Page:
The destroyers played key roles in numerous United States Australian joint exercises in both Australian and American waters.  Their compatibility with United States being an important operational factor.  The destroyers' crews earned themselves a high reputation for operational excellence, and in particular for gunnery accuracy.

In 1977 a representative of the class made a visit to the United Kingdom.  Two units of the Royal Australian Navy, HMAS BRISBANE and the aircraft carrier HMAS MELBOURNE took part in the Silver Jubilee Naval Review held at Spithead in June of that year.

In 1990 Iraq invaded Kuwait and United Nations intervention soon followed.  Once again Australian naval ships found themselves in a war zone as Australia fulfilled its obligations to the Multinational Force.  The Australian commitment consisted of HMAS BRISBANE, together with a number of Australian FFG 7s and replenishment vessels.  HMAS BRISBANE served in the Persian Gulf from December 1990 to March 1991 and was present throughout the period of the hostilities.  The ship spent much of her time with Battle Force Zulu, the force of United States Navy aircraft carriers and their escort vessels.  Her duties included providing anti aircraft and anti surface ship protection, planeguard duties, interception of merchant vessels, and escorting replenishment vessels. 

HMAS BRISBANE did not come under enemy fire during this conflict, but on occasions red alerts were declared when Iraqi aircraft were detected taking off from their air bases.  On 18 February 1991, HMAS BRISBANE  was 30 nautical miles from the amphibious assault ship, USS PRINCETON when that vessel struck a mine.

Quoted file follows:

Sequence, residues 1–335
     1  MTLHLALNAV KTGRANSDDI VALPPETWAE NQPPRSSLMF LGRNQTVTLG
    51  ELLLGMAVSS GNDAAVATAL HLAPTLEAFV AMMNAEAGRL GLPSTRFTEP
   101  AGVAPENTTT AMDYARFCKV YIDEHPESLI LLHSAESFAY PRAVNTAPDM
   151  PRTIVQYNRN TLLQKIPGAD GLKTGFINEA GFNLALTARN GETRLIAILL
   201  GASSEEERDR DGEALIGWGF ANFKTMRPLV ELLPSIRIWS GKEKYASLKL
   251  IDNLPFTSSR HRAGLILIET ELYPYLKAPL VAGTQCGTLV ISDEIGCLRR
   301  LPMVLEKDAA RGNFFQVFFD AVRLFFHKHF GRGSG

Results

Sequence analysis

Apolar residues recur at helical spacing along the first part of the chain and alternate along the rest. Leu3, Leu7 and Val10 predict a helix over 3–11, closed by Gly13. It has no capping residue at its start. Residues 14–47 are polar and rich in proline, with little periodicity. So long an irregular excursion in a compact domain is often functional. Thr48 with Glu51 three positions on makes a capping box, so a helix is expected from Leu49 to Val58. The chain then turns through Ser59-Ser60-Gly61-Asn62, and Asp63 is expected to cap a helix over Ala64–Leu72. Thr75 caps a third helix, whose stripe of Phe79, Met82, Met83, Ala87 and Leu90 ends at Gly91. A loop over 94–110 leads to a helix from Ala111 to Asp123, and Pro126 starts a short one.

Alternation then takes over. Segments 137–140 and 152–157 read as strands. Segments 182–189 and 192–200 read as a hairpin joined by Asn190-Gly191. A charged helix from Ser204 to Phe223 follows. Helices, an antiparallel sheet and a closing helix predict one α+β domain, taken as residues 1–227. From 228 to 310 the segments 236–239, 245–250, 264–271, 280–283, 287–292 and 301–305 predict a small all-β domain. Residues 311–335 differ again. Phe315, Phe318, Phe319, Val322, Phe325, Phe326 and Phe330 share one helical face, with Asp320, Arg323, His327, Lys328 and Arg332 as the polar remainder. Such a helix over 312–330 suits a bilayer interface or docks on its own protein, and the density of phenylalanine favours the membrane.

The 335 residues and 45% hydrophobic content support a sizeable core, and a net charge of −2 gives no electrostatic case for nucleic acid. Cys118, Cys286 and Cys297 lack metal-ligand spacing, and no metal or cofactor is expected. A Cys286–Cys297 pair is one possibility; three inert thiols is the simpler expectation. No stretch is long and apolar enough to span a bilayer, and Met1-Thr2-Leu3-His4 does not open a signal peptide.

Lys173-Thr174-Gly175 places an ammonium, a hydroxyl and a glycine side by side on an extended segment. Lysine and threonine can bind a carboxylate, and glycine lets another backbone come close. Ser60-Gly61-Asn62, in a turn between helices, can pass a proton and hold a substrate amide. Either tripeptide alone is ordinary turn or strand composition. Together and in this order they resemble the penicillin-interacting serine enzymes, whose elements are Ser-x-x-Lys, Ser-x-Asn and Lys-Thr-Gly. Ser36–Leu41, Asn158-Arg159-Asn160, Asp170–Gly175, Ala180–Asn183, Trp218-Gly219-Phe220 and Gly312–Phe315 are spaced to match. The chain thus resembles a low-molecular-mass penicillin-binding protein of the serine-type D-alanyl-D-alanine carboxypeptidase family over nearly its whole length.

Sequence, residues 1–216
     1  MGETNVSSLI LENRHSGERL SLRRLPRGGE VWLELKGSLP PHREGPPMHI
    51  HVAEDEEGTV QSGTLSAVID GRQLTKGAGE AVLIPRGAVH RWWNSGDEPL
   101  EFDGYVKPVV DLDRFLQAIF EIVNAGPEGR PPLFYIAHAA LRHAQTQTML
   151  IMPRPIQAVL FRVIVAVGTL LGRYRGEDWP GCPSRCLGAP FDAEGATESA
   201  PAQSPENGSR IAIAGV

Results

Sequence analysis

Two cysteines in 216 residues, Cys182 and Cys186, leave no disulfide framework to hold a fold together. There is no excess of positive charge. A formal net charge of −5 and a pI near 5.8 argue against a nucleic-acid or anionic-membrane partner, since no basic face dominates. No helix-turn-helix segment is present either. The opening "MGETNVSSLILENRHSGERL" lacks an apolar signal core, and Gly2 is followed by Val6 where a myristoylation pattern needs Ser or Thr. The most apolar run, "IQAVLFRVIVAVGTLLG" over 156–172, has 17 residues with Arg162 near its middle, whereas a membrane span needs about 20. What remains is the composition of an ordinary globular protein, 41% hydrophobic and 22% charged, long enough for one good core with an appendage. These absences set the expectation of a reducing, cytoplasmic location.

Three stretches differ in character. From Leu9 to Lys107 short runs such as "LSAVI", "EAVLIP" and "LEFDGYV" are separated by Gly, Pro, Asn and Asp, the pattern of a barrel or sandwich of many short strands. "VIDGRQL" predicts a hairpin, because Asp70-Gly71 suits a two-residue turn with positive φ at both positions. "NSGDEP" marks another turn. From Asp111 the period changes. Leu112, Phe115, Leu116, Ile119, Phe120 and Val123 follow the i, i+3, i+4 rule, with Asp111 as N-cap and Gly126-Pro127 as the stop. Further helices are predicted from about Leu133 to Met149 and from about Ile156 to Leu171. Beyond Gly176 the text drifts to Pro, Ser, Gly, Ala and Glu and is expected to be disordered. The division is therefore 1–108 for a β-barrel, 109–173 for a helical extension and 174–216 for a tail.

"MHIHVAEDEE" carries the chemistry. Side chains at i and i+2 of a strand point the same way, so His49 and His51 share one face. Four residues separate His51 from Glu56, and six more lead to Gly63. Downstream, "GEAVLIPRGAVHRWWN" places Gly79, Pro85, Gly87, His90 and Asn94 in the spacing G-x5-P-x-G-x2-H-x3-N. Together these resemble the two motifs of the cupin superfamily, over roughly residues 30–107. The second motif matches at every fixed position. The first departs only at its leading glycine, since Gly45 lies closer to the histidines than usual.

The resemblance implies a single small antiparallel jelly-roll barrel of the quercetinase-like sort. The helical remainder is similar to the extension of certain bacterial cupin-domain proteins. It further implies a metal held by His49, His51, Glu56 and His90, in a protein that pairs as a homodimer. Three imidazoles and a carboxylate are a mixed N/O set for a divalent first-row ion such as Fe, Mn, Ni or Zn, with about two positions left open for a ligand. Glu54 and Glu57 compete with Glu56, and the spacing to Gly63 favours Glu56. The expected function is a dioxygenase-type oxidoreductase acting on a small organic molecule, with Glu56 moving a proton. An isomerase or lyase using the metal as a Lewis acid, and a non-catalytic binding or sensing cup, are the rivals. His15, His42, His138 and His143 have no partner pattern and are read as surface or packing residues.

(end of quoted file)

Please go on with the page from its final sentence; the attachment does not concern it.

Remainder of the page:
HMAS BRISBANE is the only warship in current Royal Australian Navy commission to have served in two wars.  In recognition of her Gulf War service the ship was awarded the Australian Meritorious Unit Citation.

In early 1999 the Perth class returned to Vietnamese waters.  HMAS PERTH became the first Australian combat warship to return to Vietnam since the Vietnam War when she visited that country in company with HMAS ARUNTA . From 24th to 28th April.

The Perth class have served the Royal Australian Navy with distinction, and have proved their value under combat conditions.  The destroyers have been one of the most successful and cost effective components of the Australian fleet, being an effective and potent weapons platform and having a long service life that extended beyond normal expectations.  They were highly capable vessels inspite of their relatively small size and lack of helicopter facilities. 

The two remaining destroyers are to be decommissioned in the near future. HOBART and BRISBANE are to be decommissioned in 2000 and 2001 respectively.  With these two ships ending their careers, a chapter in the Royal Australian Navy's history will close, and for the Navy it will be farewell to steam.


Name No. Laid down  Launched  Commissioned

Perth  38 21 Sep 1962  28 Sep 1963  17 July 1965

Hobart  39 26 Oct 1962  9 Jan 1964  18 Dec 1965

Brisbane 41 15 Feb 1965  5 May 1966  16 Dec 1967


Builder: Defoe Shipbuilding Co. Bay City Michigan

Displacement  4720 tons

Length  133.2 metres

Beam  14.3 metres

Draught  6.1 metres



 2x 5" mark 42 mod 10 automatic rapid fire guns

 Standard anti aircraft missile system

 Harpoon anti ship missile system

 2x Vulcan phalanx mk15 close in weapons systems

 4x 0.50 cal. Machine guns

 2x triple mount anti submarine torpedo tubes firing mk48 torpedoes


Machinery 2x GE steam turbines driving 2 shafts. Producing 70,000 shaft horse power

Boilers 4x Foster Wheeler "D" type

Speed in excess of 30 knots.

Range  4 500 nautical miles at 15 knots

2 000 nautical miles at 30 knots


Complement 333. (21 Officers, 312 sailors)